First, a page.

Drew Gress – The Sky Inside (2013)

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Drew Gress is a first-call bassist and has certainly earned the caché to have first-call players on his own albums. As with previous projects such as The Irrational Numbers and 7 Black Butterflies, he composes material for The Sky Inside worthy of the impressive lineup ha’s assembled, which by the time of Butterflies had coalesced around former Paraphrase bandmates Tim Berne (alto sax) and Tom Rainey (drums), as well as Craig Taborn (piano) and Ralph Alessi (trumpet).

In spite of the six-year span since they last recorded together, the band has lost nothing in synergy and as I dig deeper into this latest outing, it becomes clear that the unity is stronger than ever. The Sky Inside, like other Gress projects, can come off as a deceptively fairly pedestrian modern jazz record if you were to listen to it superficially. Immersing yourself in it to uncovers the ingenuity of Gress’ compositions and his arrangements of them, and how he leverages the full potential of his band to bolster the songs by bolstering each other. Everyone relentlessly propels along the songs, each adding an idea that feeds an idea by someone else, and Gress actively facilitates that kind of environment.

“No Saint,” which begins the program, bristles with creations that spring forth from Dress’ ingenuity. It begins with a subtly irregular beat manned by Gress, Taborn and Rainey, with an opposing, harmonic theme played out by horns. Then, Taborn peels off the bass line to create dissonant variation on which Berne creates his familiar pleading alto sax lines and soon Gress and Alessi join in what is has briefly become three way improvising, eventually giving way to Alessi. But the other soloists never completely fade away, as interlacing lines fade in and out. The ending horn lines are the same lines used by the rhythm section in the beginning.

“In Streamline” stands in stark disparity to “No Saint,” the busy phrasing on prior track followed by this quiet, introspective mood piece. Taborn and then Gress both leave thoughtful solos, as Gress has a very clear tone and lyrical expression. Alessi begins “Long Story” with a motif that’s assisted by Taborn, and Berne follows with thoughts on that. Rainey maintains a light, semi-second line beat and Gress is improvising alongside an increasingly abrasive Berne. Alessi can be heard nudging his way back into the picture to speak swing in his own language. Later on with “Long Story Short,” the same basic pattern is expressed as an abstraction where Rainey seems to be discreetly shifting the undercurrent away from avant-garde and closer to mainstream jazz.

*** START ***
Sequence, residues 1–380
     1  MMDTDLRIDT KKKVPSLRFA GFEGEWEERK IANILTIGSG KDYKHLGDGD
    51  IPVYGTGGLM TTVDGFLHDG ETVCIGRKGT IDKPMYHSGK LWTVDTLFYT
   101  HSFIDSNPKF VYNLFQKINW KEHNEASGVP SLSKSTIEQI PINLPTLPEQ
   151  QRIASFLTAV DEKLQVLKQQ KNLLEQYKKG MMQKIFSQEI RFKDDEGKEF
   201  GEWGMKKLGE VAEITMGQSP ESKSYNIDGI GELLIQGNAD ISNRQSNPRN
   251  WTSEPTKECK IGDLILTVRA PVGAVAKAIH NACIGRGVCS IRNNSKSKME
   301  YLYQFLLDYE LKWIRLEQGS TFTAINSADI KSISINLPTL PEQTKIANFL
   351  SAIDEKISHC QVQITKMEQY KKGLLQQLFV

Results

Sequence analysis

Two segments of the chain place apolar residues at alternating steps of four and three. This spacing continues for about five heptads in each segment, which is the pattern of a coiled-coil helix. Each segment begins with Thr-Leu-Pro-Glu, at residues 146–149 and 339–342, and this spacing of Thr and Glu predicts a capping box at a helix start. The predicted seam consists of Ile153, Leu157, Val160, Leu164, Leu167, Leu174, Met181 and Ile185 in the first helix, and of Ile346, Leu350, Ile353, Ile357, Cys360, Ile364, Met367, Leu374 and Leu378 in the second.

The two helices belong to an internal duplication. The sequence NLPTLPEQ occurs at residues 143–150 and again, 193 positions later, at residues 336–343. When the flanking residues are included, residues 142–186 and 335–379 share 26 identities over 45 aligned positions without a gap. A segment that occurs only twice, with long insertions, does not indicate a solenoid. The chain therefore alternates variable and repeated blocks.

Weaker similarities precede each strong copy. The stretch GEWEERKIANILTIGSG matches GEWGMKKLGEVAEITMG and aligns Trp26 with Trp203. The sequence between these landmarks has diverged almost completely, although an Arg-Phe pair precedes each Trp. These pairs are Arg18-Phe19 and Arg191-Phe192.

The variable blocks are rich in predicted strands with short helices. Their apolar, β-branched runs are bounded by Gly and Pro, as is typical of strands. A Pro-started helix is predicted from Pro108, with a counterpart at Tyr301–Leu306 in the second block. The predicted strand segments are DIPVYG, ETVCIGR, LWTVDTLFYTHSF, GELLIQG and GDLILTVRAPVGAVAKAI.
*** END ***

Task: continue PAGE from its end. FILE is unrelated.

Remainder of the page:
Speaking of Rainey, he’s perhaps the unsung hero on this album, deftly managing loosely defined and ever-evolving rhythms, and doing so with a light-footed but very active approach. He eschews largely bottom-heavy sounds and flamboyant cymbal clouds to avoid overpowering the rest of the players, instead just helping them sound better. His lithe style pushes along “Kernel” with a graceful swing and nudges “Dreampop” from darker shadings into a brighter, snappier territory.

“The Sky Inside” is that epic in the middle of the record, the intro just a fascinating, atonal conversation between Alessi and Berne, with seems partially extemporaneous partially notated. A chamber music like motif follows, with an unexpected synth chord shimmering at the end of each statement. Swaths of silence become a big part of the song, which is breached when classical articulations by Taborn supported by Gress takes center stage, making this one duet traded for another. Taborn morphs into Cecil Taylor as a groove is invented by Gress and picked up by Rainey. Berne and Alessi offer up a new thematic line, and steer Taborn toward it.

The contemplative character of that song contrasts with the knotty progression of “Zaftig Redux,” which on which Gress extemporizes, followed by Berne and Alessi, and finally, Taborn, who does that Don Pullen inside/outside thing.

The Sky Inside is a title that implies the limitless potential on where the music can go and the collective ability of the musicians to carry the music to its potential. It’s potential fulfilled.

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The Sky Inside is available for sale by Piroquet Records. Visit Drew Gress’ site for more info.

S. Victor Aaron

S. Victor Aaron

S. Victor Aaron is an SQL demon for a Fortune 100 company by day, music opinion-maker at night. His musings are strewn out across the interwebs on jazz.com, AllAboutJazz.com, a football discussion board and some inchoate customer reviews of records from the late 1990s on Amazon under a pseudonym that will never be revealed. E-mail him at svaaron@somethingelsereviews .com or follow him on Twitter at https://twitter.com/SVictorAaron
S. Victor Aaron
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